“And I was with you in weakness, and in fear, and in much trembling.” said the apostle, “Wherefore, my beloved, as ye have always obeyed, not in my presence only, but now much more in my absence, work out your own salvation with fear and trembling; for it is God which worketh in you, both to will and to do of His good pleasure.” Also he said, “And unto the Jews I became as a Jew, that I might gain the Jews; to them that are under the law, as under the law, that I might gain them that are under the law; to them that are without law, as with law (being not without law to God, but under the law to Christ), that I might gain them that are without law; to the weak became I as weak, that I might gain the weak: I am made all things to all (men), that I might by all means save some.” Now it should be distinctly kept before the mind that the salvation spoken of here is not eternal salvation; for it has already been shown by the same apostle how that momentous matter has been accomplished. But the anxiety of the inspired man was that, if according to God’s will, they all might be saved from error of every kind, and be brought fully into Gospel liberty. These declarations clearly and positively show that the Gospel of the  grace of God does not make men heady, high-minded and arrogant; but instead thereof, it clothes their minds with humility, as with a garment; for “Pride goeth before destruction, and an haughty spirit before a fall.” As the apostle was with (not above them, nor lording it over them) his brethren in weakness, in fear and much trembling, he was prepared by reigning and abounding grace to enter into their feelings, both of sorrow and joy; because he says, “Blessed be God, even the Father of our Lord Jesus Christ, the Father of mercies, and the God of all comfort, who comforteth us in all our tribulations, that we may be able to comfort them which are in any trouble by the comfort wherewith we ourselves are comforted of God; for as the sufferings of Christ abound in us, so our consolation also aboundeth by Christ.” These momentous declarations recorded in the Scriptures show clearly and absolutely that no man, however eminent, and however much ability he possess as a man, can comfort God’s dear children, unless he has been with them in weakness, fear and much trembling; for he has to learn these things, not by reading modern authors, but in the same school that the prophet Jeremiah did. For said he, “And I said, My strength and my hope is perished from the Lord. Remembering mine affliction and my misery, the wormwood and the gall, my soul hath them still in remembrance, and is humbled in me. This I recall to my mind, therefore have I hope.”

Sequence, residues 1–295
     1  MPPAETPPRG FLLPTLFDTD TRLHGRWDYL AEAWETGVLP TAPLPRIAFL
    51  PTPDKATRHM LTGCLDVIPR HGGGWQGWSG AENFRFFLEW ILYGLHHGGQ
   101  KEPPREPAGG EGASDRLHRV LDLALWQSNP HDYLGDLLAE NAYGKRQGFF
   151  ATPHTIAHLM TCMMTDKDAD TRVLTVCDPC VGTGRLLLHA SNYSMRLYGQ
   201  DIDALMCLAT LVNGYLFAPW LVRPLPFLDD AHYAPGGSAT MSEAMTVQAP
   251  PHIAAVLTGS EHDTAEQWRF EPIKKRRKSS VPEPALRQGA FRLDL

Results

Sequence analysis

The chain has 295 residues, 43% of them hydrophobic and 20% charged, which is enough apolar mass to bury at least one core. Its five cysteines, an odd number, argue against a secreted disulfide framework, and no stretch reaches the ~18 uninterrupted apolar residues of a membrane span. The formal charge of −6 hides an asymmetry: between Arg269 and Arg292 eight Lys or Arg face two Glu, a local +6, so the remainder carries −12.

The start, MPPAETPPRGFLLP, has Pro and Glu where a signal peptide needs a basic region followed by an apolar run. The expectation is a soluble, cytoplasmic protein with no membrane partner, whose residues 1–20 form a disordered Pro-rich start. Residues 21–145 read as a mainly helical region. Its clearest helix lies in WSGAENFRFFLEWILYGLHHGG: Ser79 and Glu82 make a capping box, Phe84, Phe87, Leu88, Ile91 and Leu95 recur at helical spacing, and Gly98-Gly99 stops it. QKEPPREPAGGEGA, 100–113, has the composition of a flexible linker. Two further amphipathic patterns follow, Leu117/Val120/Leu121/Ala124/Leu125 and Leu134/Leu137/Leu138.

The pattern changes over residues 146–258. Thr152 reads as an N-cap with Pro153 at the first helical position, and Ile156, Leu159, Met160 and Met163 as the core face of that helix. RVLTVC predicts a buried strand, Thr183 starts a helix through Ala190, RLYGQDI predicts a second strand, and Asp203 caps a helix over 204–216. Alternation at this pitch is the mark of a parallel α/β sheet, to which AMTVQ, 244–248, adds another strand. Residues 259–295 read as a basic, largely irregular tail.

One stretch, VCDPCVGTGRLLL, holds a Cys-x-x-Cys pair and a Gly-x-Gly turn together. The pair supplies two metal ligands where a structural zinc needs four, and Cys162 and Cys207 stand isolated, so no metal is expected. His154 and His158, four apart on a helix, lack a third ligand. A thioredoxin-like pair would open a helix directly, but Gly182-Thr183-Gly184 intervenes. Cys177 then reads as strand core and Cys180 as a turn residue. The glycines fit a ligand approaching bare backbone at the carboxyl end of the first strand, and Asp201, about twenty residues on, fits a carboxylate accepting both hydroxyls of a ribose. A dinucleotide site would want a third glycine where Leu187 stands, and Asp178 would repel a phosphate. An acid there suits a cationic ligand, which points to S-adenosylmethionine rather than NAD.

“And my speech and my preaching was not with enticing words of man’s wisdom, but in demonstration of the Spirit and of power.” Of the apostle it was said, “For his letters, say they, are weighty and powerful; but his bodily presence is weak, and his speech contemptible.” But he boldly states, “Let such an one think this, that such as we are in word by letters when we are absent, such will we be also in deed when we are present,” What is the lesson taught in this last quotation? Is it not that there was no prevarication concerning the Truth of God, whether he wrote letters to his brethren, or was present with them? To the Galatians he said, “Am I therefore become your enemy because I tell you the Truth?” Anciently there was a class of characters “Which say to the seers, See not; and to the prophets, Prophesy not unto us right things: speak unto us smooth things; prophesy deceits.” Also another character is thus described, “The words of his mouth were smoother than butter, but war was in his heart: his words were softer than oil, yet they were drawn swords.” Frequently we hear words about like these, “I like that preacher, because he is so pleasing in his manners, and he dwells on experimental things, and lets others alone.” “Really he has magnetic power,” &c. But such seldom mention anything concerning the grace of God, but talk about the person’s eloquence and oratory; and sometimes persons are brought into the visible organized church under just such an influence. But such are merely nominal professors, and when there comes a time that God’s servants are constrained to declare the Truth openly and boldly, it will be said by such enticed persons, “These are hard sayings: I do not care to hear them;” and soon they are found walking no more with the church.